There is no reference to the class struggles against conscription and war, including protests and mass strikes throughout the world. The upsurge prompted the 1916 founding of the NZ Labour Party by the trade unions, which aimed to divert the anti-war movement into safe parliamentary channels.
The Great War Exhibition makes no mention of the Russian Revolution. The overthrow of capitalism by the Russian working class, led by the Bolsheviks, inspired workers internationally and forced the warring powers to agree to an armistice to prevent the revolution from spreading. The display falsely presents the armistice as simply a military victory by the Allied powers.
The second exhibition, Gallipoli: The Scale of Our War housed at the national museum Te Papa, is an intensely nationalistic depiction of the Allies’ failed attempt to invade Turkey.
In both Australia and New Zealand the catastrophic battle of Gallipoli has been portrayed by successive governments as a pivotal moment in the forging of a “national identity” and values such as “mateship.” The April 25 holiday, Anzac Day, marks the landings at Gallipoli.
Both exhibitions concentrate, according to Jackson, on the purported “experiences” of men who “were there.” The Gallipoli exhibition makes little attempt to provide any historical context. There is cursory acknowledgement of the Ottoman death toll—which numbered 86,692, more than 30 times New Zealand’s 2,779. The focus is a distorted picture of what New Zealand soldiers experienced and felt during the battle.
Visitors are immersed in New Zealand soldiers’ “experience” of the battle, with depictions of fighting, disease and squalor. The exhibition uses sculptures, computer animation, photos and selections from letters, diaries and memoirs. Some excerpts praise the Turks’ bravery, while others dehumanise them.
The wall text asserts that New Zealanders greeted the war as a “great adventure” and that “we were keen to do our bit for the empire.” Several quotes from soldiers have been chosen to reflect these excited and patriotic sentiments. Others describe the horrors of the battlefield or the grief of losing a relative but there is almost no hint of opposition to the war itself.
The curators place special emphasis on glorifying the involvement of Maori soldiers at Gallipoli, despite being forced to admit that large numbers of Maori refused to join the army. They do not mention that about 100 Maori men were imprisoned for resisting conscription.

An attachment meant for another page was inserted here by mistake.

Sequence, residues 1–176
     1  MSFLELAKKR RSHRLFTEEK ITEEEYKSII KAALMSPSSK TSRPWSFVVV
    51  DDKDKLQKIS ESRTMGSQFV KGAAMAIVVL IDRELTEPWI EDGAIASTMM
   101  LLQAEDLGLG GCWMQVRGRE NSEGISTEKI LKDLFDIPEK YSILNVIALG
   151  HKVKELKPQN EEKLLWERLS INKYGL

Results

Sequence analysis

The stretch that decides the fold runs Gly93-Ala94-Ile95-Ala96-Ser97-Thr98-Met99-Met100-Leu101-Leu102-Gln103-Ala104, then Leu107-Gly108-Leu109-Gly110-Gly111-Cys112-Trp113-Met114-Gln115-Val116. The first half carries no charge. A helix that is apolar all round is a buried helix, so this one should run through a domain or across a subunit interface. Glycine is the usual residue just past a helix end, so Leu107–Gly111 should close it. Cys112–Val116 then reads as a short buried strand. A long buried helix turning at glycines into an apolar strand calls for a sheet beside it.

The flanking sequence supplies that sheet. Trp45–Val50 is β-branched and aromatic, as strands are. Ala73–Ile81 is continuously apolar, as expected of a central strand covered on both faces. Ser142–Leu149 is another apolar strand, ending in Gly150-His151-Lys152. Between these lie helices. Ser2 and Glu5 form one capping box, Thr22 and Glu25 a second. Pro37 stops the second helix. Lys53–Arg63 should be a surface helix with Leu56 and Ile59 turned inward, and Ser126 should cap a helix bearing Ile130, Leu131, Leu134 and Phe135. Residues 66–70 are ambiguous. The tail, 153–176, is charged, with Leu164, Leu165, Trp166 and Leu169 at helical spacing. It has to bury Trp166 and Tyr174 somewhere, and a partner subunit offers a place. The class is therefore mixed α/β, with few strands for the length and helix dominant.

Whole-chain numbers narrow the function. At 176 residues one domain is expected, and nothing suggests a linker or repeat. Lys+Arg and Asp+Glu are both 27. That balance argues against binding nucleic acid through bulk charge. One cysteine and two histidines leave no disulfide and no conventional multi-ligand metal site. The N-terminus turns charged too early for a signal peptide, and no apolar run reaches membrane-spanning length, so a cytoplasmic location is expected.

Former army officer turned historian Christopher Pugsley, who was the main historical advisor for the exhibition, told Radio NZ that he wanted to destroy the “myth” that the soldiers “were victims of Empire. In fact what they were doing was trying to make it work and survive.” The curators’ wall texts, written from the point of view of an imaginary New Zealand soldier, present this pro-imperialist version of history.
For example, in describing the hostility felt by ordinary soldiers towards commander William Malone—who Pugsley intensely admires—the text declares: “We hated the bastard at first, but he worked harder than anyone to make the place safe. We were dead meat without him.” This is obviously the voice of the government and its hirelings. It is precisely this obedience and respect for the military that both the exhibitions aim to instil in young visitors.
The pro-war carnival taking place across Australia and New Zealand must be taken as a sharp warning. The contradictions of capitalism that caused WWI are once again intensifying. Successive New Zealand governments have strengthened the country’s alliance with US imperialism, which is stampeding from one bloody intervention to the next in the Middle East, while building up its military forces against Russia and China.
The Socialist Equality Party calls on workers and youth to attend its public meeting in Lower Hutt on April 26 to discuss the political lessons of the First World War and the Russian Revolution. The meeting will be a preparation for the International Committee of the Fourth International’s online May Day rally, which will present a socialist and internationalist strategy to prevent WWIII.
The authors also recommend: